Pars is located just beyond the end of Dyafah Street, in an area of Dubai known as Sattwa. Despite having a large neon sign which declares the restaurant's name, it is not easy to spot due to being separated from the main road by a grassy knoll, a sand car-park and a row of palm trees. However, its neighbour, the Rydges Hotel, is easy to spot and if you walk down the alleyway to the right of the hotel you will quickly come across Pars on your left1. Rydges has some very pleasant bars if you want to go for a few drinks after you visit Pars. 'Aussie Legends' is on the ground floor and is a good all-rounder. 'Billy Blues' on the eighth floor has a brilliant atmosphere but from time to time you will not be served there unless you eat. Billy Blues is very unpredictable on this point. As a tourist, the best way to get to Rydges would be to hop in a cab and ask the driver to take you there.
Pars exists almost entirely outdoors. The seating area consists of several wrought-iron tables and chairs situated around a small fountain. It resembles a café more than a restaurant and appears considerably less tacky since the broken, plastic tables and chairs were replaced and the coloured Christmas tree lights were removed. It has recently been taken over by new management and now looks far more classy.
The food is also cooked outdoors, over a large metal contraption that is best described as an industrial-sized barbecue filled with hot coals. This contraption has a roof with a large funnel, out of which constantly pours billowing grey smoke. This smoke is visible from quite a distance and will help you to find Pars should you get lost.
The food cooked on this incredible beast of a machine is mostly made up of traditional Iranian dishes. One of their most popular meals is the Iranian kebab and this costs 17 dirhams2. For this you get two large portions of very tender and succulent lamb on sticks. Surrounding the meat on the plate is a large heap of rice (you can have chips instead if you prefer) and a few little side items such as tomatoes, pickle, half a lime and chilies. However, this is not all that you receive for your 17 dirhams. You will also be served a plate of mint leaves, which go surprisingly well with the meal and also help to soak up alcohol if you intend to go drinking in one of the nearby bars afterwards. Along with this are two to four small sticks of goats cheese, which is very much like cottage cheese and tastes wonderful. Add to that a bowl of warm Arabic bread, which will be replenished for free at your request, and you have quite an amazing meal at a very reasonable price. This is just one of the tempting dishes that the courteous and helpful staff will be glad to serve up for you, and there are even more elaborate meals on the menu.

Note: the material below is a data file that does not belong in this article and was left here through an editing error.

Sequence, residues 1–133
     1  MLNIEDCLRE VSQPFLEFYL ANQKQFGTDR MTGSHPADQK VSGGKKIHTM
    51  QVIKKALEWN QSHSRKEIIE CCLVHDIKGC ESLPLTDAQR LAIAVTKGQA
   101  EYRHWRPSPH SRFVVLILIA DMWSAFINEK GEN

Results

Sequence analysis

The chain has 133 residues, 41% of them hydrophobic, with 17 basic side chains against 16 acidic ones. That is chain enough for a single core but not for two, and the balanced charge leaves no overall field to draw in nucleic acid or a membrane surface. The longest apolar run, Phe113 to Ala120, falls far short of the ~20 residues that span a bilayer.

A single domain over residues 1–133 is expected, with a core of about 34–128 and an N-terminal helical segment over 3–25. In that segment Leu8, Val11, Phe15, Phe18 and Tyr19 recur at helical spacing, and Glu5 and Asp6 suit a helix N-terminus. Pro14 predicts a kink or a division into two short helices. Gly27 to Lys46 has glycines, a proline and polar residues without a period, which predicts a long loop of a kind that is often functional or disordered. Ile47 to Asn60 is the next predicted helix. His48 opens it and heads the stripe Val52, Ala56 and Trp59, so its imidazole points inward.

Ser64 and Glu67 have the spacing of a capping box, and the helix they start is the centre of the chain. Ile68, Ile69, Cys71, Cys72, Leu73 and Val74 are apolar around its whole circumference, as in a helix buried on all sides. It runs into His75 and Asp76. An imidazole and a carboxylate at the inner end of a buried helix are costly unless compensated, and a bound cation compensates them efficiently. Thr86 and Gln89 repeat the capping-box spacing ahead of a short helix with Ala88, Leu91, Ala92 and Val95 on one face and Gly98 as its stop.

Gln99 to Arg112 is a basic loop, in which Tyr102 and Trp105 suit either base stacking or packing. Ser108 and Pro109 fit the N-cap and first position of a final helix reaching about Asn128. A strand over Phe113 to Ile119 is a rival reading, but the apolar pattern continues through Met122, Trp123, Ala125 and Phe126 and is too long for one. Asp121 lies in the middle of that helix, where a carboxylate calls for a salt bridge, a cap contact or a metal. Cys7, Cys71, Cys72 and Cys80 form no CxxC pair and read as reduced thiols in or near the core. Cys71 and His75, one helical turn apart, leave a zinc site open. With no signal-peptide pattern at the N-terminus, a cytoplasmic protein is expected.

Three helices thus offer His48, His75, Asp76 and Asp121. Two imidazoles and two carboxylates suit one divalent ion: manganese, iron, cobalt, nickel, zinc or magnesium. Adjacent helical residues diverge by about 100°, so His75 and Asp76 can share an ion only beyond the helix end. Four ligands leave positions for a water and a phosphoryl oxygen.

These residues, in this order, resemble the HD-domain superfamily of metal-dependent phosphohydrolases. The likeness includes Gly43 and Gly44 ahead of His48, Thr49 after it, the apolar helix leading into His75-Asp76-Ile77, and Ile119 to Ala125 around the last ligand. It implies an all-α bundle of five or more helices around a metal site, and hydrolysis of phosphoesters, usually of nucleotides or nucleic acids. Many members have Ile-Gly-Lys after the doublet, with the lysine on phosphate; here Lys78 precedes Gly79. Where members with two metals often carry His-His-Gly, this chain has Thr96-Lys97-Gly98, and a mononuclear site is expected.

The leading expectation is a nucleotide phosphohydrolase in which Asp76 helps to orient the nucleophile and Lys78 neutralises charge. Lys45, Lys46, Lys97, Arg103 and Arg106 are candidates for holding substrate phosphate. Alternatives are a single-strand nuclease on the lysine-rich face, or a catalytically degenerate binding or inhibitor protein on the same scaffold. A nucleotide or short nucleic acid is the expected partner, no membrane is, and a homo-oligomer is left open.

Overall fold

Pars Iranian Restaurant would be nothing without its sheesha3. Sheesha is a special type of Arabian tobacco which is quite potent and is mixed in with what can only be described as mashed fruit. This helps to give sheesha its unique flavour. It is smoked through a device imaginatively called a 'sheesha machine', which is very much akin to a bong. However, there are differences. The smoker will place a long, flexible pipe attached to the machine into their mouth and suck hard. This drags the smoke from the burning tobacco out of the top of the device and through a lower compartment, which is filled with rose water4. This helps to purify the smoke and means that you don't even feel it entering your lungs. After a few seconds your lungs will start to tingle and unless you exhale quickly you will end up snorting masses of smoke through every orifice for the next five minutes. It is possible to fill your lungs completely from a single drag of sheesha and when you exhale the sheer amount of smoke produced is astonishing. There is nobody who will not feel at least slightly relaxed after a single drag. The sheesha comes in a variety of strengths and flavours, which you may want to ask the staff about.
If you order sheesha at Pars it will cost you 10 dirhams5 per machine and this will last for the duration of your time there, although the burning coals on top of the sheesha machine will have to be replaced every 20 to 30 minutes. It is not advisable to smoke sheesha during your meal, only before and after, as after a while your table will be surrounded by a thin cloud of white smoke which can be unpleasant while eating.
The people who visit Pars are extremely varied. It is generally frequented by local Arabs, guests from nearby hotels who want to sample traditional Arabian food and students from the city's secondary schools. For some reason, it is very rare to see an adult ex-patriot in Pars. Pars tends to be at its busiest during the late evening but is also open during the day. It has a pleasant atmosphere but due to the prevalent smoke from the sheesha and the industrial-size barbecue it is probably not suitable for people with asthma or anything of that sort. Some parents may also be sensitive about their children being exposed to the smoky environment but it is quite common to see children at Pars having a meal with their parents. One of the good things about Pars is that everyone is welcome.
The Utilities (gulp!)
One last aspect of Pars Iranian Restaurant should probably be mentioned before ending this entry, and that is the toilet facilities. They are not entirely wonderful. Although they are tiled and probably fairly clean, there are no locks on the doors and the male and female toilets are only separated by a metal partition. Mud-streaked floors and a lack of toilet paper can also be expected from time to time. However, Pars is an excellent place with a lot of character and as long as you either visit the lavatory before you go or don't mind slightly sub-standard toilet facilities then you should have a wonderful experience.